Iran on Tuesday threatened to resume enriching uranium and barring open inspections of its nuclear facilities if a meeting of the U.N. atomic watchdog agency decides to refer Iran to the Security Council for possible sanctions.
However, Iran's top nuclear negotiator, Ali Larijani, offered European negotiators a new round of talks, saying the world should give Tehran's new government a chance to reach a political understanding.
At the International Atomic Energy Agency board meeting in Vienna, European officials prepared a draft resolution that would refer Iran to the Security Council for alleged "failures and breaches of its obligations to comply" with the nuclear Non-Proliferation Treaty.
But opposition by Russia could delay the vote until a later meeting of the 35-member board, diplomats in Vienna said.
Larijani criticized the discussion in Vienna, saying that nuclear technology has become a matter of national pride and that the Iranian government would not compromise over its right to enrich uranium.
"If they want to speak with Iran with the language of force, Iran will have no choice, in order to preserve its technological achievements, to get out of the framework" of the Non-Proliferation Treaty, Larijani said at a news conference.
Larijani did not appear to be calling for Iran to pull out of the treaty completely but rather to suspend the protocol that allows unfettered, short-notice inspections of nuclear facilities.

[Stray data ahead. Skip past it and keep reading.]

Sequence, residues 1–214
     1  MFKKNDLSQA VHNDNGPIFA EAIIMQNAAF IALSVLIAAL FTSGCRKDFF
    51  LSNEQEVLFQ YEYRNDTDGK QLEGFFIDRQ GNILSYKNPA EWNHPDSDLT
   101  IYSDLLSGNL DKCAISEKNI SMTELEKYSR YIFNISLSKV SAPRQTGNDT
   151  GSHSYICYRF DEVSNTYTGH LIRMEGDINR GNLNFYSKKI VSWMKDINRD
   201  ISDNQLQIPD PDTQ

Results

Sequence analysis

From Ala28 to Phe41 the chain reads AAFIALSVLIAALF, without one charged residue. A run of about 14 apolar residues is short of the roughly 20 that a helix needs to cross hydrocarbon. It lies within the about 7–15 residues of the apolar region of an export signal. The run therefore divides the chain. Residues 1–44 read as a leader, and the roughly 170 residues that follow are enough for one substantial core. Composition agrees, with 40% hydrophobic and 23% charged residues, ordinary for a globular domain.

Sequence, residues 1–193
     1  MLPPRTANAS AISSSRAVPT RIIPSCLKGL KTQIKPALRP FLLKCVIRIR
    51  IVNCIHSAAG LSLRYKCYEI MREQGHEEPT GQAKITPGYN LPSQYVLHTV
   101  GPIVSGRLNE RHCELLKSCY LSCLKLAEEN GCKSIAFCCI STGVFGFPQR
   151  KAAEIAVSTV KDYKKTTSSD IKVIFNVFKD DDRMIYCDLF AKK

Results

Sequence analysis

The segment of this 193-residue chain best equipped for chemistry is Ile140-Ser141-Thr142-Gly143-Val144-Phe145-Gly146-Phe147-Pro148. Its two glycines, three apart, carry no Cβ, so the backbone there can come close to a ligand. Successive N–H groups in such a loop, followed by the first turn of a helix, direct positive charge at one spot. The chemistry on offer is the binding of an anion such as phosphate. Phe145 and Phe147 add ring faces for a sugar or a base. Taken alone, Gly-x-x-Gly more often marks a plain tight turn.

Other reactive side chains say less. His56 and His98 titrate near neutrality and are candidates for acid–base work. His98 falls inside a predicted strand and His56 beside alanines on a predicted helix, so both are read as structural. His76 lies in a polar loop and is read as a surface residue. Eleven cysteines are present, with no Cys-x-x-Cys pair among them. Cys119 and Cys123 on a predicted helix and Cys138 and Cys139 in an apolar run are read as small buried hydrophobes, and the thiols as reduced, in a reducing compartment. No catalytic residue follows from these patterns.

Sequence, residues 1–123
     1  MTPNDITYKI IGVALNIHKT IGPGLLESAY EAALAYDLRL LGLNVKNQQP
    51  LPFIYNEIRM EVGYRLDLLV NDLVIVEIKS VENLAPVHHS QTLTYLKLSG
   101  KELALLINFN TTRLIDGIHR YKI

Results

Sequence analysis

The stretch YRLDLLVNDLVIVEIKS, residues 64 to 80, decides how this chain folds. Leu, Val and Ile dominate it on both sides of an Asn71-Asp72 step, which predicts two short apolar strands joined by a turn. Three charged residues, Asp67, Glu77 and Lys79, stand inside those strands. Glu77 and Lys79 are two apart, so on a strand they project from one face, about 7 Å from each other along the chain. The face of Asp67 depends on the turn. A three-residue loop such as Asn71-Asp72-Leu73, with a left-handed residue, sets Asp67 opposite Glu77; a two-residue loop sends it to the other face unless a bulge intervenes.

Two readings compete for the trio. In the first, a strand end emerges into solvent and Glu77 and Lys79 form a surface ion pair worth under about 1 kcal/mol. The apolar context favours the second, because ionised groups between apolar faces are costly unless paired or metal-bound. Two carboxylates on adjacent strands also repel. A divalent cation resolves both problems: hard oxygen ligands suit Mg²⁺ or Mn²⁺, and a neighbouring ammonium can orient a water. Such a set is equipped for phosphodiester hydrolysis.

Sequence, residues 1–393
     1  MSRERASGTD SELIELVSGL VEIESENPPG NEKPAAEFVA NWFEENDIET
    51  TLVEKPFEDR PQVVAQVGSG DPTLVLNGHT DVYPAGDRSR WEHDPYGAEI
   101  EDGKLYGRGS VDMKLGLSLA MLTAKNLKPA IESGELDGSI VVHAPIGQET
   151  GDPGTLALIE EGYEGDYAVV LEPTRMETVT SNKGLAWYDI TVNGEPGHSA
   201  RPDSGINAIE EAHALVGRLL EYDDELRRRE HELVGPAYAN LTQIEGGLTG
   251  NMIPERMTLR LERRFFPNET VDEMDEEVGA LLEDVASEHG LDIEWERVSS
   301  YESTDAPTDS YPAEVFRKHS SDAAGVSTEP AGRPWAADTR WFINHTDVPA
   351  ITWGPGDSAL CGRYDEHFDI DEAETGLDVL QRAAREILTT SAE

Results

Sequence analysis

He warned that Iran's response would be the same if the IAEA tried to impose deadlines.
"If they set a deadline, it will, from Iran's point of view, make no difference from being referred to the U.N. Security Council, and Iran will react in the same manner," Larijani said.
Britain, Germany and France, negotiating on behalf of the European Union, have drafted a resolution demanding Iran be referred to the council. China and Russia -- both Security Council members with veto power -- oppose hauling Iran before the U.N.'s top decision-making body. The Europeans also face opposition from other members of the IAEA board of governors, which convened Monday to discuss Iran's nuclear program.
The IAEA has been trying to determine whether gaps in Iranian reporting on more than 18 years of clandestine nuclear activity constitute attempts to hide ambitions to produce weapons in what Iran insists is a purely civilian program to generate electricity. Establishing such intent would bolster arguments by U.S. officials for a tougher international stance against Iran.